where ETAele is the estimated time of arrival of the elevator to the landing call.
Passenger journey time is minimised by allocating a landing call to the deck for which the landing call will cause the fewest additional stops and least additional delay on its way to the destination calls.
The estimated time of arrival to the destination floor is calculated separately for each deck by taking into account the existing stops of the elevator and the additional stops caused by the selected landing call. The landing call is allocated to the deck for which the sum of the waiting time forecast and the estimated time of arrival at the destination floor is smallest.
For each landing call, the best deck is selected by minimising the cost function. In the cost function J, the sum of waiting time forecast and estimated time of arrival ETAd to the destination floors is minimised, and the function is of the form
where td is the drive time for one floor flight and ts is the predicted stop time at a floor. In the summing functions, the time required for the drive from one floor to another and the time consumed during stops on the route are calculated. In the waiting time forecast the estimated time of arrival from the deck position to the landing call floor is calculated, and the estimated time of the arrival ETAd to the destination floor is calculated from the landing call floor to the destination floor.
In a practical application the estimated time of arrival of the destination floor is optimised to the furthest car call floor. Accordingly, the estimated time of arrival ETAf to the furthest call floor is minimised, and the cost function Jf is of the form
ETAf=estimated time of arrival of a car to the furthest call floor when starting from the deck position floor
td=drive time for one floor flight
ts=forecast stop time at a call floor.
In the calculation of ETA, the future stops and stop times are based on the existing car call and landing call stops and on the additional stops and additional delays caused by the call to be selected. The additional delays caused by the landing call to be selected are obtained from the statistical forecasts of the passenger traffic, which are based on passenger arrival and departure floors at that time of the day. The car load is monitored and if the load exceeds the full load limit, then no more landing calls are allocated for that deck. In the entrance lobby, the upper deck can only be given car calls to even floors while the lower deck can only be given car calls to odd floors. After leaving the entrance floor each deck can serve any of the floors.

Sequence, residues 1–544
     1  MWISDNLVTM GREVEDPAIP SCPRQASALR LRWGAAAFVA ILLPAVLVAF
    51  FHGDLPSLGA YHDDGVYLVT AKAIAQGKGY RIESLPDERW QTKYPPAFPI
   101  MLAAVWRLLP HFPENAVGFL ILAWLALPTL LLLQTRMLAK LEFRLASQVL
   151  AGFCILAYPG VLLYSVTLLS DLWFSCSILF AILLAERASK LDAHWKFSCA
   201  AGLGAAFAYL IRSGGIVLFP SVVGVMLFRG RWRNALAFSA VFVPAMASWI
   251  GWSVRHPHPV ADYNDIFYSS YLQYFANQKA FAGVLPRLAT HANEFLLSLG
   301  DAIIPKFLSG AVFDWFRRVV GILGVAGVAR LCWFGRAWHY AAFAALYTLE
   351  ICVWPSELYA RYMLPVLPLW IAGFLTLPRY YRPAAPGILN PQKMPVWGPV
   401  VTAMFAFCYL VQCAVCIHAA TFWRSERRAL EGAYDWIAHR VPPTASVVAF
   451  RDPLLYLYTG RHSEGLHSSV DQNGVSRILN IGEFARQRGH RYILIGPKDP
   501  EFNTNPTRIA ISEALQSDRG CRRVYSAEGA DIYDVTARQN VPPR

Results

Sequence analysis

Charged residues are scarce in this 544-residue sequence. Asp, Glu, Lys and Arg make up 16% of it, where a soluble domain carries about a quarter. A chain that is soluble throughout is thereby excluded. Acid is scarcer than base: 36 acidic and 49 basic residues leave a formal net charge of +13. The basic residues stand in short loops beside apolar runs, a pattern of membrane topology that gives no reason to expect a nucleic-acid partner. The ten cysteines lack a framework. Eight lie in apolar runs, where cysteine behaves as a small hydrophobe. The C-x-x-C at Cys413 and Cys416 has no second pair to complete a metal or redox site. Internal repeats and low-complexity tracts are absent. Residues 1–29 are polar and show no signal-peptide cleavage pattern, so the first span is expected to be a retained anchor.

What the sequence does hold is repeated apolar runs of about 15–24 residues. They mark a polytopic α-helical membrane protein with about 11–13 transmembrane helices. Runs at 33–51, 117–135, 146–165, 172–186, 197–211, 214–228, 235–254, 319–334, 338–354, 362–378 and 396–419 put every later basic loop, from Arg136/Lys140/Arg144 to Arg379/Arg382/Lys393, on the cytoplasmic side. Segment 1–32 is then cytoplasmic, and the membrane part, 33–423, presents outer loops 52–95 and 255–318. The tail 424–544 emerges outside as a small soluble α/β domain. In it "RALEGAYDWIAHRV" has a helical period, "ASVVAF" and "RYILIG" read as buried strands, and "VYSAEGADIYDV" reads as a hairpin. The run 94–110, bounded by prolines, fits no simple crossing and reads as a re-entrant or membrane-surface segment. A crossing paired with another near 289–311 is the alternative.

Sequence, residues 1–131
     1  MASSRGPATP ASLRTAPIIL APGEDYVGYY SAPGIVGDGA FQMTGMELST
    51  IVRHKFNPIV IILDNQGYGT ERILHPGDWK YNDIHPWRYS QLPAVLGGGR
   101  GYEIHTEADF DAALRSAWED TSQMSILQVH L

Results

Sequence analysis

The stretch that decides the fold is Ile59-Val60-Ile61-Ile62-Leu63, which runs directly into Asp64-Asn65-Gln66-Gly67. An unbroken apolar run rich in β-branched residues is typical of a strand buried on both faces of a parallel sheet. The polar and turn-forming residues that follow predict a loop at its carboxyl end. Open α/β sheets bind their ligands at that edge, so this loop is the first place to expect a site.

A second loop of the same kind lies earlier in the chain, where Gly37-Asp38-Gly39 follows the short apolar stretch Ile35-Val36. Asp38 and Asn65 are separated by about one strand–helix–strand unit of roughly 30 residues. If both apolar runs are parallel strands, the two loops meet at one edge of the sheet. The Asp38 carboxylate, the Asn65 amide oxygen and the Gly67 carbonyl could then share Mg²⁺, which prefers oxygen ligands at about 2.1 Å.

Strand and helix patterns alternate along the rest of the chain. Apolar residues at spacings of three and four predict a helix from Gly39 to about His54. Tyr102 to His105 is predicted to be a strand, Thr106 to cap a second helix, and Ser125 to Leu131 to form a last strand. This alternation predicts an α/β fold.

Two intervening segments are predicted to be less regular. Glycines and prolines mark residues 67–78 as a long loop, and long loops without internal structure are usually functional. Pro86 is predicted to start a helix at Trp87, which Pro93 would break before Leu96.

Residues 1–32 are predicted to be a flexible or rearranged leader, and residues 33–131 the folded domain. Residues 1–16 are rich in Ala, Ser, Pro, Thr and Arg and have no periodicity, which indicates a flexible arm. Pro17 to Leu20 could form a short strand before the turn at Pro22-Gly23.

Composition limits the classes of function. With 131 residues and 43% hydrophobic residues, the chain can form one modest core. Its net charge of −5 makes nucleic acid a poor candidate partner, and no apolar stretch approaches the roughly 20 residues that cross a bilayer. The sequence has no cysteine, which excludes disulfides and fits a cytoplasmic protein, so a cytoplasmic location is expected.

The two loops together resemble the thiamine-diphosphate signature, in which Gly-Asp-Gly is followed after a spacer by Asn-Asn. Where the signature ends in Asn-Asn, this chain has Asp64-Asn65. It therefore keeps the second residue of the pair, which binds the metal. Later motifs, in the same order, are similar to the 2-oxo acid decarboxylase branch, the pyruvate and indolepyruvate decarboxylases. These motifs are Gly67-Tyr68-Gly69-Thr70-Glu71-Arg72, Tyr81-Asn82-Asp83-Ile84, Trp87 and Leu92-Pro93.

According to these cost functions whole the passenger journey time is optimised for each deck. Also here the additional delays tr and ta can be added if it is considered necessary.
The invention has been described above by the aid of some of its embodiments. However, the description is not to be regarded as constituting a limitation, but the embodiments of the invention may be varied within the limits defined by the following claims.
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|U.S. Classification||187/382, 187/902|
|International Classification||B66B1/18, B66B1/20, B66B1/24|
|Cooperative Classification||Y10S187/902, B66B2201/103, B66B2201/214, B66B2201/102, B66B1/2458, B66B2201/211, B66B2201/213, B66B2201/215, B66B2201/306, B66B2201/212, B66B2201/222, B66B2201/403, B66B2201/402|